Chicly dressed with her hair braided and tied back, wearing flats, she looked tiny on the podium, which only made her electrifying command of the large orchestra seem all the more amazing. In “Un Sourire” (“A Smile”) — Messiaen’s tribute at the end of his life to Mozart’s at the end of his (nicely picking up from Dudamel’s recent focus on Mozart’s last year) — she pivoted from the score’s alternation of blissful stillness to bird-like chirping with such sudden alacrity it was as if she turned a light switch.
This vibrancy and ability for hairpin mood swings make Grazinyte-Tyla an almost alarmingly persuasive Weinberg conductor. The highly prolific composer (26 symphonies, 65 film scores, plus operas, scads of chamber music, etc.) fled Nazi-occupied Poland at 20 to study in Moscow and is not easy to pigeonhole. The Violin Concerto is modernist but with all kinds of other influences. It’s not exactly dissident music but far from Soviet populism. It’s angry and spiritual and hopeful and — the adverbs, for this and the opposite, could keep coming.
What it asks for is penetration beneath the surface notes, and that is what Kremer offers. He turned 70 this year (which can be over the hill for the average violinist) and he may no longer have the gleaming tone he once had. But he more than makes up for that with an intensity and command that makes him compulsively listenable. The violinist, moreover, led his young conductor profoundly into score, while she gave him youth.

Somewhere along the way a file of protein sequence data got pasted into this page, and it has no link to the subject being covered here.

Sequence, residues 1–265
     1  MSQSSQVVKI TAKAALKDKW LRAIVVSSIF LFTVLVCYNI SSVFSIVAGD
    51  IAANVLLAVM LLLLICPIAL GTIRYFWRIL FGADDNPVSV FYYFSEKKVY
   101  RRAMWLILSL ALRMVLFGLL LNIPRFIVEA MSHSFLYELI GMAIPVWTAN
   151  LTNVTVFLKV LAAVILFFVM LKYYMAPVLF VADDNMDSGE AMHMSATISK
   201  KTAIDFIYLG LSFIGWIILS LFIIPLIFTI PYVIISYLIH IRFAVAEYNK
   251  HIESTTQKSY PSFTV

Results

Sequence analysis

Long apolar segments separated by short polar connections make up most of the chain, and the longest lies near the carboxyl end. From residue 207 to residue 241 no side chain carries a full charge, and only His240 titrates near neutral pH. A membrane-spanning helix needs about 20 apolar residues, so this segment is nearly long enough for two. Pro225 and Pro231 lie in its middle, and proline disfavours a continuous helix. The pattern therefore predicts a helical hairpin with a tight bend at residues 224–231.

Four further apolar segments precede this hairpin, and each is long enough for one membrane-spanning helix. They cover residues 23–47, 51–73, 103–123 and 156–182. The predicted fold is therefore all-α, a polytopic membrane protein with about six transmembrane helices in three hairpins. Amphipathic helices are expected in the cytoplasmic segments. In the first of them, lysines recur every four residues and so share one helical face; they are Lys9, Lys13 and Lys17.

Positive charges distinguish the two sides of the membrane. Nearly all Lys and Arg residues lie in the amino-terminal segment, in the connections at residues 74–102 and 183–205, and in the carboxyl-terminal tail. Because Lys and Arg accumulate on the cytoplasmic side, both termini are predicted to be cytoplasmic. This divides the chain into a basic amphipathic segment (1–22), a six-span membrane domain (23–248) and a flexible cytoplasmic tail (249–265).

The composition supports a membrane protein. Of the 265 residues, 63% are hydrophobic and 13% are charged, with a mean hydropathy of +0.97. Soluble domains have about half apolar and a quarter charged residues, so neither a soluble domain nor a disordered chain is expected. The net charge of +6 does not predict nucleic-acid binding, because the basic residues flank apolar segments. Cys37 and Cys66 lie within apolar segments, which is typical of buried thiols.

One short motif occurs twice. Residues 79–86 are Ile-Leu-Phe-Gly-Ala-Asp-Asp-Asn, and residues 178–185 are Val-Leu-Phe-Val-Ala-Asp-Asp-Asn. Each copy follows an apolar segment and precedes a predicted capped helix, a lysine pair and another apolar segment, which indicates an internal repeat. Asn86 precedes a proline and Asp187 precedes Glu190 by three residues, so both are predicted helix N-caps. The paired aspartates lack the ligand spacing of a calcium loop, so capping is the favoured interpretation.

Mahler’s Fourth is a greatly emotional symphonist at his most gracious and sunniest. Grazinyte-Tyla, conducting with such the-world-is-her-oyster vivacity that the orchestra members appeared newly riveted by her, was happy to milk the score for all it is worth. She could go happily and irresistibly over the top. Occasionally she was so extravagant in her gestures that players had trouble keeping up with her.
In this she is in good company. Leonard Bernstein, Esa-Pekka Salonen and Dudamel all went overboard at first with the Fourth, probing it for hidden clues to a composer uniquely capable of expressing symphonic angst and exultation. Grazinyte-Tyla’s way with the slow movement, for instance, was unworkably slow, but stunning nonetheless.
Mahler ends with an angelic song, conventionally sung by a soprano. Bernstein in his later years controversially used a boy soprano. At a recent performance in Birmingham, Grazinyte-Tyla upped the innocence ante with three boys. At Disney, she went back to using a regular opera singer. No matter. With Janai Brugger, standing in the orchestra and not far from the harp in the center, heaven was in the air. And Mirga, its monarch.
♦ ♦ ♦ ♦ ♦ ♦ ♦ ♦ ♦ ♦
Mirga and the L.A. Phil
Where: Walt Disney Concert Hall, 111 S. Grand Ave.
When: 8 p.m. Friday and 2 p.m. Saturday
Tickets: $60 - $194
Info: (213) 850-2000, www.laphil.com
From the Oscars to the Emmys.
Get the Envelope newsletter for exclusive awards season coverage, behind-the-scenes stories from the Envelope podcast and columnist Glenn Whipp’s must-read analysis.
You may occasionally receive promotional content from the Los Angeles Times.